Right in the centre - Some reasons for high hydro rates


By Ken Waddell

Neepawa Banner & Press

The Manitoba NDP issued this statement last week:

“This will be third time in just over a year that the PCs have hiked hydro rates for First Nations communities living on reserve. Once this latest rate hike goes through, the PCs will have increased hydro rates by nearly 12 per cent during a pandemic. This kind of rate shock is damaging to our communities and our economy and will make it harder for First Nations to recover from the pandemic. If the PCs want to work towards advancing reconciliation, they need to listen to our First Nations communities and work towards making life affordable for Indigenous peoples living on reserve. Hiking hydro rates on reserve contradicts any type of reconciliation.”

While that statement is likely true, it is also ironic.

The main reason that hydro rates keep going up is that Manitoba Hydro’s debt is massively larger than it could have been or should have been. Just wind back the clock to about 2004. Manitoba Hydro wanted to build a third line, the so-called Bi-Pole III. The two previous lines run down the Interlake area and a third line, as deemed by the Hydro engineers, should go east of Lake Winnipeg. The NDP government of the day approached the First Nations communities and could not get agreement amongst the groups. Some wanted the line and the accompanying right of way with a potential for an all weather road joining all their communities to Winnipeg and the rest of the province. Some saw economic opportunity for both construction and long term employment. Some saw that maybe, just maybe, Hydro might run an AC line back along the same route and that real hydro could be provided to the communities instead of the fake hydro generated by diesel generators.

Whatever the pros and cons, agreement couldn’t be reached, so the plan was abandoned. Worse yet, the failure to get agreement was hidden under the pretence that the line would ruin boreal forests but somehow western boreal forest, and farmland, is not as pristine as east side forest. To further extend that myth, the premier of the day, Gary Doer, gave $10 million to a group to promote the mythical area as a UN Heritage site. A myth that never came to fruition, by the way.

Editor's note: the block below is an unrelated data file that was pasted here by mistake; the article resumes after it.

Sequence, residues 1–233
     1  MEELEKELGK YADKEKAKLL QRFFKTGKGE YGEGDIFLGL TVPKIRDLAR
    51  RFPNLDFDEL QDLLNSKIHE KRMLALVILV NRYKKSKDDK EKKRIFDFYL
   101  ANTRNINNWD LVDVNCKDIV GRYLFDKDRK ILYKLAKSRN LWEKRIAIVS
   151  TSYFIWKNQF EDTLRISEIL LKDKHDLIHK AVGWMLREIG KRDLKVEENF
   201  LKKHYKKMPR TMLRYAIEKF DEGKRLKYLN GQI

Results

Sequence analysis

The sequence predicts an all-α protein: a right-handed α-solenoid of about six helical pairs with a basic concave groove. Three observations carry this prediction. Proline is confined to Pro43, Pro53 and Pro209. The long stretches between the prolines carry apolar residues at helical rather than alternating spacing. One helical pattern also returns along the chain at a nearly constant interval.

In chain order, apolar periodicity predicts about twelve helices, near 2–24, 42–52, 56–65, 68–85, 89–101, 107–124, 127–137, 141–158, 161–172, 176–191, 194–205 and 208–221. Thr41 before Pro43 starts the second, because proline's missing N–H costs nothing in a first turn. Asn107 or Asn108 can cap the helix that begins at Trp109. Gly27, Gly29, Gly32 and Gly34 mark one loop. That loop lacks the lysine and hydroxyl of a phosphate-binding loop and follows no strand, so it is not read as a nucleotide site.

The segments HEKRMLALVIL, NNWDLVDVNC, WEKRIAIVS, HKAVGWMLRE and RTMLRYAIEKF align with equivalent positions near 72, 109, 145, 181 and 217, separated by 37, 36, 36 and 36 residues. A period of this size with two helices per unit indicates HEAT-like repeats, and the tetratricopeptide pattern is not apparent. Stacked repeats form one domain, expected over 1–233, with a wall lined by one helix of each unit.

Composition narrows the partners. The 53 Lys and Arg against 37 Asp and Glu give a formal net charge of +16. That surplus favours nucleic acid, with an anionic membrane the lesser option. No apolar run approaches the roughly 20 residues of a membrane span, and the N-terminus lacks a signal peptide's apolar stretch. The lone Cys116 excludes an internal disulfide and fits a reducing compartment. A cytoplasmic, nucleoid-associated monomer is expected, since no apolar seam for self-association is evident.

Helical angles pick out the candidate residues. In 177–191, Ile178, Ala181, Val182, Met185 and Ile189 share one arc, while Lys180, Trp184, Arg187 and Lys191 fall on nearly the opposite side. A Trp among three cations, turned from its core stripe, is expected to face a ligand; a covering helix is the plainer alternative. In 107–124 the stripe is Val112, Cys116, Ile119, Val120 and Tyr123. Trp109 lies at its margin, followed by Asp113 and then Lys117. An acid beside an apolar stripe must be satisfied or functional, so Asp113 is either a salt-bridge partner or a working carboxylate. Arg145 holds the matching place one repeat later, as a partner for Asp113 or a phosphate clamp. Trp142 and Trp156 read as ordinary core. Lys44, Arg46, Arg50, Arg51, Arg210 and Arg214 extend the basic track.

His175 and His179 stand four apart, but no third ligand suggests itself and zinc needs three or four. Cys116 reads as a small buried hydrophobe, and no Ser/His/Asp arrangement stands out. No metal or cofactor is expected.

The alternate route was on the west side of the province and it may well have cost $2 billion more than the eastern route. 

The simple message is that while First Nations, the NDP and all people would like lower Hydro rates, it would have made a lot more sense to go east side Bi-pole III and Hydro’s debt load would have been a lot lower, hence rates might have been lower. There’s plenty of blame to go around on this issue.

The other myth that was promoted by the NDP, and others, was that we had to build way more Hydro dams than were needed. We would sell all kinds of hydro to other provinces and to the United States. We were fed the lie that the United States would run out of oil, which they certainly have not, and that they would want our hydro and pay good money for it. Instead, the U.S. is producing more oil and electricity and has a stated energy policy that snubs Canada, be it our oil or our electricity.

There’s another little problem that escapes the usual public notice and that is that province charges Hydro for the water it uses. I think it’s about $600 million. That’s a bill to Hydro customers, but a revenue to the province. The province also charges Hydro for guaranteeing their debt with lenders, which is theoretically cheaper than Hydro having to pay more for their debt servicing costs if  they didn’t have the guarantee.

Lots of issues, not sure if there are answers, but don’t bet on hydro rates going down.

Disclaimer: The views expressed in this column are the writer’s personal views and are not to be taken as being the view of the Banner & Press staff.